Once melted, remove the butter from the heat.  Then add 1 3/4 C powdered sugar and stir until the mixture is smooth.

Now, add in the peanut butter and the crushed graham crackers and stir that until well combined.
Spread the peanut butter mixture into the buttered pan and set this aside for a moment.  Now, in the same pot that you made the peanut butter mix, melt another 1/4 C of butter.  Once melted, add 1/2 C of chocolate chips (I used semi sweet) and stir until almost melted.
Remove from heat to prevent burning, and stir to melt the rest of the way.  Spread this chocolate over the peanut butter and refrigerate for at least a half an hour before cutting (I prefer longer, though).  Store these in the fridge in an airtight container or wrapped in foil.  To see the original post and the website where I found this incredible recipe, click here: The Brown Eyed Baker.
Owl Corner
Photo from National Geographic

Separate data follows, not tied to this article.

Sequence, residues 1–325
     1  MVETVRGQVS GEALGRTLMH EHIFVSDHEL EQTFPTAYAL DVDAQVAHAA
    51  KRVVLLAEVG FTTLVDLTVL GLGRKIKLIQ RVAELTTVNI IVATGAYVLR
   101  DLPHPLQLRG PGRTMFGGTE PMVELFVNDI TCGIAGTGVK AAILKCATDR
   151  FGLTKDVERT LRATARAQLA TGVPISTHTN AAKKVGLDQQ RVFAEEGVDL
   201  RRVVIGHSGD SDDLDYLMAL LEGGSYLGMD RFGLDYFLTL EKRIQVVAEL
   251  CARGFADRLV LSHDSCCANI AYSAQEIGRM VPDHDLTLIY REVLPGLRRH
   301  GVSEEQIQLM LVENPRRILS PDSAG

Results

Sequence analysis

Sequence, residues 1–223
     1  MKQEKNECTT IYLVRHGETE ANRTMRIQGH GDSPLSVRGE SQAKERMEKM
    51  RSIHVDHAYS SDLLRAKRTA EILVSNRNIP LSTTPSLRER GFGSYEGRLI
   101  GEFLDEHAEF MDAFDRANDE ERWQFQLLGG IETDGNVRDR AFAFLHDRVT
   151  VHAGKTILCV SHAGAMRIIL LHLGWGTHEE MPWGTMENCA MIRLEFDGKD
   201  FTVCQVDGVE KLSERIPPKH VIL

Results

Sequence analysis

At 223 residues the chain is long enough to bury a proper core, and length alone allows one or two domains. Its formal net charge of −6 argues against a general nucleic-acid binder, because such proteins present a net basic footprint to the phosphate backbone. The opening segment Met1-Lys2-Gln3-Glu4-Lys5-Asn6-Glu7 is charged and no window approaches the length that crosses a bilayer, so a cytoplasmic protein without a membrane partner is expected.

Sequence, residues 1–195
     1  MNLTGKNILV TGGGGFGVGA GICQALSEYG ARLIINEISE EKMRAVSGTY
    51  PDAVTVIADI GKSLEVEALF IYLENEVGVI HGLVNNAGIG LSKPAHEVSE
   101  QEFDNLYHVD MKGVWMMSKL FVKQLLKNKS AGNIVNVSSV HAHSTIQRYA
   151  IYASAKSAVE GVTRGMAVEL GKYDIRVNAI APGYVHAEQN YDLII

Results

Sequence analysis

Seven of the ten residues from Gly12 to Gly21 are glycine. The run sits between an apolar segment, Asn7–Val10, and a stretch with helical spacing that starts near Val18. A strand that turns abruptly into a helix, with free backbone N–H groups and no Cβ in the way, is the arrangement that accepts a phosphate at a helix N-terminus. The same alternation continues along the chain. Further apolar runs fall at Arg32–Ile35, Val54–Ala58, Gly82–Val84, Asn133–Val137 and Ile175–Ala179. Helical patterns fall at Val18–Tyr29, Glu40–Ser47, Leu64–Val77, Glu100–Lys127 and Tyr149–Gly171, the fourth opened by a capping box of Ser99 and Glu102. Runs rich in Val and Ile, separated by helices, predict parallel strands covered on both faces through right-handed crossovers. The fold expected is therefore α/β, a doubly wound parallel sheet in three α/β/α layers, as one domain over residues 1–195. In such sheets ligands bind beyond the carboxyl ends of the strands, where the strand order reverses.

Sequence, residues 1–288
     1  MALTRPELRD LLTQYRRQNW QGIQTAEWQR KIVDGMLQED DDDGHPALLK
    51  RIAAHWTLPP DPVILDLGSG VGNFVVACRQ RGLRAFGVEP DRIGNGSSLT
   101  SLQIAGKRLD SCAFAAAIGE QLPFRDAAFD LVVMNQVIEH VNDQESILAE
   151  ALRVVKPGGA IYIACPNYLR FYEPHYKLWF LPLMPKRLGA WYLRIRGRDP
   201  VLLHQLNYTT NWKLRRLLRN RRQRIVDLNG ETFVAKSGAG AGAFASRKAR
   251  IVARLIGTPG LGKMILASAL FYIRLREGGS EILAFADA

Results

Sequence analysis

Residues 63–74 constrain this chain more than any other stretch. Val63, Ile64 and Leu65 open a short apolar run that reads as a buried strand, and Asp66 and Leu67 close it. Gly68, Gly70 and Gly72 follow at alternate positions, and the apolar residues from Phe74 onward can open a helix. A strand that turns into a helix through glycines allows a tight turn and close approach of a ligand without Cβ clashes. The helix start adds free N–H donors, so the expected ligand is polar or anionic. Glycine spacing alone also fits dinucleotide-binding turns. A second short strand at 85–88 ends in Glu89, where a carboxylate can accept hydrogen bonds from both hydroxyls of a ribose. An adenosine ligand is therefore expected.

Today I'll tell you about the Spotted Owl.   This neat guy is usually found in forests along the West Coast and areas of the southwest United States, including stretching into Mexico.  They have been at the center of the discord between loggers and tree huggers in the Pacific Northwest.  They range in size from around 16" tall to 19" tall, with an impressive wingspan of between 40"-50".  Females are usually slightly larger than males.  The females will lay a clutch of between 2 and 4 eggs in nests found 60'-100' up in trees.  The baby owls are born pure white, and develop their brownish color and spots as they grow.  These owls live in old-growth forests--forests that are at least 200 years old.  Rarely are they found in newer forest areas.  They tend to prey on small mammals and rodents, such as flying squirrels, rabbits and wood rats.  They have also been found to have a long lifespan, up to 17 years.  These owls are considered threatened because of the loss of habitat.